A Translight or Translite is a large illuminated film backing typically used as a backdrop in the film and TV industry. The name of Translite originally came from the black-and-white display film made by the Eastman Kodak Company. Technicians projected images in a darkroom onto the film in strips, which were then removed and processed by hand in tanks by the darkroom crew. The strips were seamed with tape; then oil paint was applied to the assembled picture for a tinted color effect. The name gradually was applied to any transparency lit from behind and used as a background picture for feature films or television production. Full-color printing of a Translight was first used on the motion picture One from the Heart.
Until 25 years ago, Translights were made in a photographic process, often in sections to allow very large sizes to be produced. Digital technology has now been introduced and allows large sizes to be printed with fewer seams more often on large format digital printers, with just under 5m or 16ft being attainable before joining takes place and images over 30ft high and 150ft wide have been produced.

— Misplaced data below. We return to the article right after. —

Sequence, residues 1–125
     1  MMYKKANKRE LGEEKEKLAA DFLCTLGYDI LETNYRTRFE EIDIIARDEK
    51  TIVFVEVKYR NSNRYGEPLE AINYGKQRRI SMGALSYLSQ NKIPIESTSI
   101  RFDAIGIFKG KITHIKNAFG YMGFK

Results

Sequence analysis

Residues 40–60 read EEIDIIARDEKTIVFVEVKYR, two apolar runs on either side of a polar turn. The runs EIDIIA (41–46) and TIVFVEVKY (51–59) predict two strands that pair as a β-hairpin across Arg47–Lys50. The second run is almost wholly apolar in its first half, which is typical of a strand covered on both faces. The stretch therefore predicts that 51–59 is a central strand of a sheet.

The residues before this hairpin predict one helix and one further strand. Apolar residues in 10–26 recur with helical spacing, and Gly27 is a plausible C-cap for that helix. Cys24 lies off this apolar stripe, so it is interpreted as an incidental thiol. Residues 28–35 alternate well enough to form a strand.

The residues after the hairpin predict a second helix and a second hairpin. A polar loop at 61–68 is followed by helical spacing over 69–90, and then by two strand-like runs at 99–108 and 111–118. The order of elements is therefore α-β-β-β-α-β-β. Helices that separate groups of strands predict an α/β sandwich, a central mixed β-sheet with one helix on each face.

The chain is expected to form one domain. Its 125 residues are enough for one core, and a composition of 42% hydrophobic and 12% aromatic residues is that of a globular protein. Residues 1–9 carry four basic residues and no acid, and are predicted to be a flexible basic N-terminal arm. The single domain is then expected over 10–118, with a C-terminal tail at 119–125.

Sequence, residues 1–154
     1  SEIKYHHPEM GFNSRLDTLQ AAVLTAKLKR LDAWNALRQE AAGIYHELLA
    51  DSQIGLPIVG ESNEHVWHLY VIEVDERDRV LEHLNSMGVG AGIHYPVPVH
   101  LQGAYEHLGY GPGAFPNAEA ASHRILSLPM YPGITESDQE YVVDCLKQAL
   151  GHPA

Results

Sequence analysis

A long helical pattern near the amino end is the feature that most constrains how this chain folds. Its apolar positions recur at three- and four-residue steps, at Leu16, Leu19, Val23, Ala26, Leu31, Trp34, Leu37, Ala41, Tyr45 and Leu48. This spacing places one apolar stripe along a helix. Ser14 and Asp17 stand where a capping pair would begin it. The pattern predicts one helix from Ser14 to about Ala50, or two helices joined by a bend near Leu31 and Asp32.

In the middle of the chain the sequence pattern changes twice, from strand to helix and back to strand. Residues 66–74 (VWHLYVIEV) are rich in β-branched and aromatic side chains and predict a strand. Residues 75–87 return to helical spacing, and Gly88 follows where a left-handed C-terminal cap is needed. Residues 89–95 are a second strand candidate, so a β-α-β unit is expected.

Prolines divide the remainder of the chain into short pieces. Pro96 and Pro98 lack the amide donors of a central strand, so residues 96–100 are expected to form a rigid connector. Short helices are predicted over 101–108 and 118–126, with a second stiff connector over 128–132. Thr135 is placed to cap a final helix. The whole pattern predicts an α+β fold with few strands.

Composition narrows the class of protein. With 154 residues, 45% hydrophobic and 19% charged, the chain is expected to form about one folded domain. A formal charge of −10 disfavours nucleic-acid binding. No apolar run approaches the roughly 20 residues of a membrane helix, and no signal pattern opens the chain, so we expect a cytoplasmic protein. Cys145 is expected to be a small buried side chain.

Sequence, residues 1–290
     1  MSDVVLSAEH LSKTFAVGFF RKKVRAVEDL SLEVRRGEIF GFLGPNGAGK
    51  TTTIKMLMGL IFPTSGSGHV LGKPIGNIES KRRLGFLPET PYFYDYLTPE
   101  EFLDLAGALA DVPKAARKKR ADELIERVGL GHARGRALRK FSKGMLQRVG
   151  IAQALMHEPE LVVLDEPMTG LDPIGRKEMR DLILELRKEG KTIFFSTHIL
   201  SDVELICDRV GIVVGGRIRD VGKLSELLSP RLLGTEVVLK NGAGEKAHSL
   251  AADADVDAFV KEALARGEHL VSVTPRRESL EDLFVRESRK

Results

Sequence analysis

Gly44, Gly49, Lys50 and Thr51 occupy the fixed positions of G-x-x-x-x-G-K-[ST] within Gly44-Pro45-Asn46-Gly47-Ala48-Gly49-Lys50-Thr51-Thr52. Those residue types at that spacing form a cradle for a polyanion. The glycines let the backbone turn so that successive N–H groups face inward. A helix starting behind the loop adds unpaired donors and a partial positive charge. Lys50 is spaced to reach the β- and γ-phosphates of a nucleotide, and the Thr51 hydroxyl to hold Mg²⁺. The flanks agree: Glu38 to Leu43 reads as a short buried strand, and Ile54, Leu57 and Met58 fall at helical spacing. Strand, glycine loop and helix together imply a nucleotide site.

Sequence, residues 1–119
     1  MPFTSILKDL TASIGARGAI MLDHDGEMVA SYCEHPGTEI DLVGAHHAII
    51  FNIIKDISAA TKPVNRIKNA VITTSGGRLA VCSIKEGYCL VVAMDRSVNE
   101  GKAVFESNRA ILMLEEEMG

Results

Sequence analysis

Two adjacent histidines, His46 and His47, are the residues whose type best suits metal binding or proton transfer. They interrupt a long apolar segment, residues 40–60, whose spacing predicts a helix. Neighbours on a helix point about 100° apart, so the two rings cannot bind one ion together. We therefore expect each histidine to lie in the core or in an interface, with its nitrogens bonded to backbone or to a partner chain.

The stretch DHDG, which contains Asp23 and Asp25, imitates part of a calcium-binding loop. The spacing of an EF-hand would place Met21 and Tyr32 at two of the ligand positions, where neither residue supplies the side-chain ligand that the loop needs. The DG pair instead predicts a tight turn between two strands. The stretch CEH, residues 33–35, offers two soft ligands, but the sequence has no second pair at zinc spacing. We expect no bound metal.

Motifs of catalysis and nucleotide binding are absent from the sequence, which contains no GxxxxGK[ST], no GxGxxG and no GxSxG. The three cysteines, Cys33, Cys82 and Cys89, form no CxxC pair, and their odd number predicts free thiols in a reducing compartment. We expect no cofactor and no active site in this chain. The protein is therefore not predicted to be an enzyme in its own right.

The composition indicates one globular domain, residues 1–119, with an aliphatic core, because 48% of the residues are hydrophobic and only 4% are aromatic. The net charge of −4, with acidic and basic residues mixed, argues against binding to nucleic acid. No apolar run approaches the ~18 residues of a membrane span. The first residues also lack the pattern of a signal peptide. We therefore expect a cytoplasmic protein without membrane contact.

Translights allow the director of photography to create what appears to be an exterior scene, but under controlled conditions, rather than dependent on weather, access, and time of day. The images extend a set. Because the image is captured during principal photography, no post-production is required. The ability to do thirty takes of a scene against a perfect sunset and still have the option of coming back after seeing the dailies for twenty more. Instead of shooting everything on location, which requires permits, crowd and traffic control, and ability to squeeze huge grip trucks onto a residential street without annoying the neighbors, a compromise is reached.
A further development of this technology is the “day-to-night” Translight. In this case, one side of the film is printed with the daytime image and the reverse side is printed with the night time scene, both images are perfectly aligned. With a change in the direction of illumination, the director of photography can change between daytime and night time scenes with no requirement for re-rigging. This type of Translight does not photographically reproduce the scene at night, for the daytime image remains somewhat visible and is enhanced by the night image emerging from behind to give that magical effect.
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